Security cabinet approves completion of barrier around Jerusalem

Hotovely: PM nixed Obama talks over US aid package

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March 10, 2016 23:47
4 minute read.
Jerusalem

Installing of temporary wall between Armon Hanatziv and Jebl Mukaber in Jerusalem. (photo credit: SHLOMO MOR)

 
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The security cabinet late Thursday night approved the immediate renewal of construction work on the security barrier around the area of Jerusalem, in an effort to halt Palestinian terrorist attacks against Israelis.

It was one of a series of measures the cabinet took just hours after US Vice President Joe Biden flew out of Ben-Gurion Airport for Jordan.

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The security barrier has been largely frozen since 2007. Only some 470 km. of its 790-km. route has been erected. It has yet to be built around the Gush Etzion, Ariel and Ma’aleh Adumim settlement blocs.

There are also gaps in the barrier around Jerusalem that need to be completed.

The US has opposed construction of the barrier in the West Bank, but while Biden was here opposition leader Issac Herzog spoke with the vice president about the need to finish it.

It’s part of an overall separation plan Herzog has been promoting for the last month by way of lambasting Prime Minister Benjamin Netanyahu for failing to deal with the wave of terrorism.

“Only separation will stop terrorism. If we do not separate from the Palestinians, the Jews will continue to be killed here,” he told Biden.

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The Prime Minister’s Office had no further details about the renewal of the barrier’s construction, including where the building would start or how much it would cost.

Gaps are also to be closed by the Tarkumiya checkpoint that divides the West Bank from the area of Kiryat Gat.

The security cabinet agreed to fast track legislation against those who help Palestinians to live and work illegally in the country and to make it easier to obtain permits to demolish the homes of terrorists.

Palestinian broadcasting stations that incite Palestinians against Israel will be closed, the cabinet decided.

In Ramallah on Thursday, PA President Mahmoud Abbas said he is opposed to violence and extremism, but did not condemn terrorist attacks against Israelis.

Biden spoke in Jordan with King Abdullah about ways to stop the violence that spiked amid his visit to Israel, including an attack that killed a visiting US veteran, Taylor Force, 28.

During his two days in Israel and the Palestinian territories Biden held similar conversations with Netanyahu and Abbas, without any tangible results.

The vice president’s calls to the PA to denounce terrorist attacks went unheeded.

Speaking at a press conference with visiting Romanian President Klaus Johannis in Ramallah, Abbas said the Palestinians are continuing to seek peace based on justice.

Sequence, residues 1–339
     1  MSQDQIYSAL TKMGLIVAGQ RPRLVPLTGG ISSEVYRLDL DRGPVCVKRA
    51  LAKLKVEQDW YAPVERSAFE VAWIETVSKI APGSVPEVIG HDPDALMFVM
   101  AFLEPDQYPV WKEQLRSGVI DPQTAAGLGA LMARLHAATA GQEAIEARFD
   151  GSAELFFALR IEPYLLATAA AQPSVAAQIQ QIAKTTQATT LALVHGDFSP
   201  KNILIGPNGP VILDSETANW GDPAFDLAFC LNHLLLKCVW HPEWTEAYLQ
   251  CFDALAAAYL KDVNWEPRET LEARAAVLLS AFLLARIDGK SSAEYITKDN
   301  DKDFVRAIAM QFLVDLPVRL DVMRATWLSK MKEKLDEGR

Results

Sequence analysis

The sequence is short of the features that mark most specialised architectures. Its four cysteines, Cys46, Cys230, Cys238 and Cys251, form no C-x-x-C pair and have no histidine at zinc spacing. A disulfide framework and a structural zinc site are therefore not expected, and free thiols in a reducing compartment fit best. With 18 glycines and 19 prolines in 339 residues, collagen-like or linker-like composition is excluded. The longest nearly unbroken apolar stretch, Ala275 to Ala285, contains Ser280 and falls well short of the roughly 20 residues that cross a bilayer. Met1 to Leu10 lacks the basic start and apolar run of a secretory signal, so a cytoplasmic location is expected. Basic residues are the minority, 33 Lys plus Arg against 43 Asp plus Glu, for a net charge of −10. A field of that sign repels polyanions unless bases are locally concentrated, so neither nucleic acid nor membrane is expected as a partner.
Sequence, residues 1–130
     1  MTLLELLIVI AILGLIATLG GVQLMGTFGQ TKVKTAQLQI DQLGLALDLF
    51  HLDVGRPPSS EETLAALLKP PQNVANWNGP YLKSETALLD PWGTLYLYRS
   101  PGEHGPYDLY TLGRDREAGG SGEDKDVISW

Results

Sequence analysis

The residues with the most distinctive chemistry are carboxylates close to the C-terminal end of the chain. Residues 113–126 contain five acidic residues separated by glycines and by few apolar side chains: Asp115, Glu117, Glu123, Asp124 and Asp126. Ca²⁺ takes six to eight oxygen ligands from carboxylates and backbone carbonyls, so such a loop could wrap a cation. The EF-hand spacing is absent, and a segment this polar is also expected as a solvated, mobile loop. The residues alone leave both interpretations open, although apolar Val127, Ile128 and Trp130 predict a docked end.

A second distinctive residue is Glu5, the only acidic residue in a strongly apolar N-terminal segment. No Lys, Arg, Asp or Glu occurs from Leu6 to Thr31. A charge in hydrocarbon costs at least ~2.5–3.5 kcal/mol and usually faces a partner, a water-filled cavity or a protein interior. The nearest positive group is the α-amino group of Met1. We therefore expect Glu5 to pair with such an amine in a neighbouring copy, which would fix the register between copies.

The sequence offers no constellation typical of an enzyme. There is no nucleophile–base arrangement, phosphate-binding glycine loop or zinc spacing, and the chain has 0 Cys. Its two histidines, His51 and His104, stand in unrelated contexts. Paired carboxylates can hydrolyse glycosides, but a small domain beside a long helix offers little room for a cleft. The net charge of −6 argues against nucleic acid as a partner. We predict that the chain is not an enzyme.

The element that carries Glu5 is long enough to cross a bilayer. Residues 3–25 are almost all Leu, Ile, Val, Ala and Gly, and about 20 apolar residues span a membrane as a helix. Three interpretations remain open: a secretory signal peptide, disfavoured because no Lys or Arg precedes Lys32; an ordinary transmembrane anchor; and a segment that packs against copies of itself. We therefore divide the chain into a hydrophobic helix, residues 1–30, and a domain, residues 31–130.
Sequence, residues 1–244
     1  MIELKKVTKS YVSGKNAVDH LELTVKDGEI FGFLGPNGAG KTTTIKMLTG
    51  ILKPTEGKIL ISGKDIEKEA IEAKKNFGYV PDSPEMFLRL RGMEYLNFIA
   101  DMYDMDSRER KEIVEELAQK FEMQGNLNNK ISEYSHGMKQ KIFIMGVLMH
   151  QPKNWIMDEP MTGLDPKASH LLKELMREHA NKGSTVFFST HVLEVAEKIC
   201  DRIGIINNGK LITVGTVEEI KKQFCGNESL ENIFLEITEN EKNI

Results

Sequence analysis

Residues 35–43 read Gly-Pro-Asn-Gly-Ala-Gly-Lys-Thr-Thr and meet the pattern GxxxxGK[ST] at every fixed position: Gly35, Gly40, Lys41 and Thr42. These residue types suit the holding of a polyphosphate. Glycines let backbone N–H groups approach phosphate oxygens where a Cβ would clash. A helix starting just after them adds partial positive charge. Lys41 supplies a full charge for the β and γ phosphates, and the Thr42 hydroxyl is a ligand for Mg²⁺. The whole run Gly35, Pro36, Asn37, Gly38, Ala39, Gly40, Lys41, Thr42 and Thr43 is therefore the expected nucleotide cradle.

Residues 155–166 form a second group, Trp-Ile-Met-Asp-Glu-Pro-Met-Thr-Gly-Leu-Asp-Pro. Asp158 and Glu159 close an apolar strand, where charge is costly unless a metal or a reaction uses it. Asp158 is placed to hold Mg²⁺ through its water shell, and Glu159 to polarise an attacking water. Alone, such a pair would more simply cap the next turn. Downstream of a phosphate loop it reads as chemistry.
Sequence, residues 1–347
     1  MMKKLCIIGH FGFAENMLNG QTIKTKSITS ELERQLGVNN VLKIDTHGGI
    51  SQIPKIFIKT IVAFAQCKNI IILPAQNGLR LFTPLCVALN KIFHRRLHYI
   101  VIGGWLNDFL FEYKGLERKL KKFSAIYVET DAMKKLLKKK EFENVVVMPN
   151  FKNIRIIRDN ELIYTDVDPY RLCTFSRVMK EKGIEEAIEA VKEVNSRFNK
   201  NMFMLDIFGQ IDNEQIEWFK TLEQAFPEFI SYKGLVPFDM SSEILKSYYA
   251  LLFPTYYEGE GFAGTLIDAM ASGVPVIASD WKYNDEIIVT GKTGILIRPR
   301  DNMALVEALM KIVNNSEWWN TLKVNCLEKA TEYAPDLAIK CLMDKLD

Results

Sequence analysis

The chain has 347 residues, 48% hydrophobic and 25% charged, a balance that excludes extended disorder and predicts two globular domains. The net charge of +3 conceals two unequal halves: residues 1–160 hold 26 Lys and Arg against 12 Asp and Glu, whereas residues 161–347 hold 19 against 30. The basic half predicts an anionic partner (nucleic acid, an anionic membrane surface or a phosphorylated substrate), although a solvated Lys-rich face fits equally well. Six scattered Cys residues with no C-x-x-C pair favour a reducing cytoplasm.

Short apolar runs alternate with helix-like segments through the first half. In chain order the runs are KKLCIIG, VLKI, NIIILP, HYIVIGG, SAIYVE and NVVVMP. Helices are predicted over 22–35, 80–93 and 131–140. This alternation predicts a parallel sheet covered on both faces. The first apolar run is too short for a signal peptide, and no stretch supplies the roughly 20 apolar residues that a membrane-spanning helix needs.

“We are against violence and extremism, regardless of its source,” Abbas said in an apparent response to demands from the US administration to condemn terrorist attacks against Israelis.

“Our hands are extended for peace based on justice and right.”

Abbas said that the ongoing status quo is “intolerable.” He said that peace and coexistence require “decisive decisions” by the Israeli government, including a freeze of settlement construction.

PLO Secretary-General Saeb Erekat, who met on Thursday with Danish politicians in Jericho, accused the Israeli government of working toward “destroying the two-state solution.”

Erekat complained that Israel is imposing its dictates on the Palestinians, creating new facts on the ground, demolishing houses and carrying out ethnic cleansing and extra-judicial executions.

Erekat called for the release of Palestinian legislators and activists held by Israel, including Fatah’s Marwan Barghouti, Hamas’s Hassan Yusef, the PFLP’s Ahmed Sadat and female parliament member Khalida Jarrar.

Separately, as Biden left Israel controversy swirled again over the relationship between US President Barack Obama and Netanyahu.

In an interview with Israel Radio, Deputy Foreign Minister Tzipi Hotovely said that Netanyahu canceled his meeting with Obama because the two countries are still working out the details of a 10-year American defense package for Israel.

Netanyahu had initially requested and then turned down a meeting with Obama toward the end of the month. His office had said he canceled out of fear he might be forced to meet with presidential candidates and then would be seen as interfering in the election.

But Hotovely said, “There was a decision not to go to the president as long the agreement over the compensation package is not concluded.”

While in Israel, Biden urged Netanyahu to come to an agreement with Obama about the aid package before the president leaves office in January 2017. He warned that the next president might not be as generous.

Current US military grants to Israel, worth about $3 billion annually, expire in 2018.

Israel, which last year requested $5b. in future annual aid but whose officials have since set their sights on $4b. to $4.5b., says it needs to expand its military, rather than just upgrade technologies, given spiraling arms procurement it anticipates by archfoe Iran and Arab states.

US officials have given lower target figures of around $3.7b.

The dispute prompted Israeli officials to hint that Netanyahu may bank on Obama’s successor for a better deal.

“The prime minister wants to honor the US president by going when there is a basis, good news on the matter of the US aid package,” she said.

Reuters contributed to this report.

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